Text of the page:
Sights/Sites of Spectacle: Anglo/Asante Appropriations, Diplomacy and Displays of Power 1816-1820

Sheales, Fiona (2011) Sights/Sites of Spectacle: Anglo/Asante Appropriations, Diplomacy and Displays of Power 1816-1820. Doctoral thesis, University of East Anglia.

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Between May 1816 and March 1820 the paramount chief of Asante Osei Tutu Kwame
Asibey Bonsu (r.1800-24) received no less than nine representatives of the British and
Dutch trading companies at his capital Kumase. Of these, seven wrote detailed accounts
of their experiences but the first and the most historically important was Mission from
Cape Coast Castle to Ashantee published by Thomas Edward Bowdich (1791?-1824) in
1819. Besides containing vivid descriptions of Bowdich’s experiences as the Conductor
of the first British Mission it is also supplemented with maps, diagrams and ten colour
illustrations, the majority of which depict everyday activities and important locations in
Kumase. The largest illustration, entitled ‘The First Day of the Yam Custom,’ differs
significantly from the others, however, in respect of its size and its subject matter, as it
documents the appropriation of conventions, material culture and symbolism by Asante,
Islamic and European representatives during an important diplomatic ceremony.
This thesis focuses on Bowdich’s published account and this illustration in particular, in
order to explore the hypothesis that such spectacles played an instrumental role in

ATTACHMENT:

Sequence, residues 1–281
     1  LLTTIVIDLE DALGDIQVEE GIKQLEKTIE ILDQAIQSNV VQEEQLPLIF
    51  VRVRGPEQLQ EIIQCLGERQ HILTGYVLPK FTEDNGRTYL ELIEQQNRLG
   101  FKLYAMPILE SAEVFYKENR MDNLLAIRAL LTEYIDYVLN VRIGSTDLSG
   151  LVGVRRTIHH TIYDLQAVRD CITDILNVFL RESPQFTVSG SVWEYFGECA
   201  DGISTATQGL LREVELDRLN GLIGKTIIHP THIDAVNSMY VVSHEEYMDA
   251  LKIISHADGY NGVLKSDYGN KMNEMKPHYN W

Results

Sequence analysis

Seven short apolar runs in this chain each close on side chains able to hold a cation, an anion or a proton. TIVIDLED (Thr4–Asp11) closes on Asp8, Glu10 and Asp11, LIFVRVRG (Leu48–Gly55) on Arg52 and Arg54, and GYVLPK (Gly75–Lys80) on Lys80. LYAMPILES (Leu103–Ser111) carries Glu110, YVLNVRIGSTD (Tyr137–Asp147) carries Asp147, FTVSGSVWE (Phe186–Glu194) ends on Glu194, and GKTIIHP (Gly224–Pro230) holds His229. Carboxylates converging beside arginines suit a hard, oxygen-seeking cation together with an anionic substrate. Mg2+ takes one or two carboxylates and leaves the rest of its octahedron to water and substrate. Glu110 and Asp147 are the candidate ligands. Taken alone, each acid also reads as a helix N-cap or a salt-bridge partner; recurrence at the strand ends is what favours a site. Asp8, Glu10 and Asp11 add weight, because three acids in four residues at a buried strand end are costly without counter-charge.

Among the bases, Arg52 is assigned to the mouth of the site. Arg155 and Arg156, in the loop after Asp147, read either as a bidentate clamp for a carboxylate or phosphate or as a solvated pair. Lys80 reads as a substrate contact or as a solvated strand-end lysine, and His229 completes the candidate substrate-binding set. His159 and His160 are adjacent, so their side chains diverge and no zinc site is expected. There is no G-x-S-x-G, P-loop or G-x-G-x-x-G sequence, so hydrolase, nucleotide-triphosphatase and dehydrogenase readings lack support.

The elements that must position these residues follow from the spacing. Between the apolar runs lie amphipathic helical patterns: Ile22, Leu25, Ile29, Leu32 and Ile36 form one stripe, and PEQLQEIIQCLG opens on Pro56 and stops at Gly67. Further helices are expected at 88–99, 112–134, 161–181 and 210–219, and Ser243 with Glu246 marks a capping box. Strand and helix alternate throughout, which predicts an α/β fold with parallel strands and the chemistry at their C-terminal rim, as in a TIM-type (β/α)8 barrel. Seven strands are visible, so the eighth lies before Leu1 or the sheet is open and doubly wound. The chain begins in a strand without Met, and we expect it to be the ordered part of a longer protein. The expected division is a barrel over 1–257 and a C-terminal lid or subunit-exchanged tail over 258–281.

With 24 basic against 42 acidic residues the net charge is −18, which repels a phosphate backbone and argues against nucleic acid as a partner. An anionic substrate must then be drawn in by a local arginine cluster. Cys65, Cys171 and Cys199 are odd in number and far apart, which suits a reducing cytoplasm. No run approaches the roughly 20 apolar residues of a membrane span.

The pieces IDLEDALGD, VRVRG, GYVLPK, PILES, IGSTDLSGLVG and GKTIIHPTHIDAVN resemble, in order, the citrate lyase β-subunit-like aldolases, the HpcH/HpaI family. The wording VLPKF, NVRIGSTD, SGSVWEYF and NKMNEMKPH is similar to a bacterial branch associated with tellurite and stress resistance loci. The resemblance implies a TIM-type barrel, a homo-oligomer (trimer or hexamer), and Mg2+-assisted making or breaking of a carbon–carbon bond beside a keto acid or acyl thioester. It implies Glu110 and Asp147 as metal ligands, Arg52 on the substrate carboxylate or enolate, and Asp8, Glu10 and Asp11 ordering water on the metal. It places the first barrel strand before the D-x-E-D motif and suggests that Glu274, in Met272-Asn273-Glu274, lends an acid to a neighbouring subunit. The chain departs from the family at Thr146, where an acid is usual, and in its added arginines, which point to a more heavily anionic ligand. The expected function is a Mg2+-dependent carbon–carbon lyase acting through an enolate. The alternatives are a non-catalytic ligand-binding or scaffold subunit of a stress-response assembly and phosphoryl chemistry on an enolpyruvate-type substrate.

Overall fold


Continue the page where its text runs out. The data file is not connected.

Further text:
Anglo/Asante appropriations and diplomatic negotiations during this period. As part of
this analysis Bowdich’s descriptions will be compared and contrasted with other envoys’
accounts that were written between 1816 and 1820 in order that systematic practices and
procedures and consistent patterns of behaviour can be identified and interrogated. The
adoption of this historical ethnographic approach demonstrates the value of analyzing and
re-assessing individual accounts that complement, but also contrast with, the longue
dureé perspective adopted by the majority of studies that examine culture contact and
appropriation. Furthermore, it also facilitates the introduction and development of a new
theoretical concept that has the potential for wide-spread applicability in the analysis of
other cultural encounters.

Item Type: Thesis (Doctoral)
Faculty \ School: Faculty of Arts and Humanities > School of Art History and World Art Studies (former - to 2014)
Depositing User: Users 2259 not found.
Date Deposited: 13 Mar 2014 11:22
Last Modified: 31 Jul 2014 00:38

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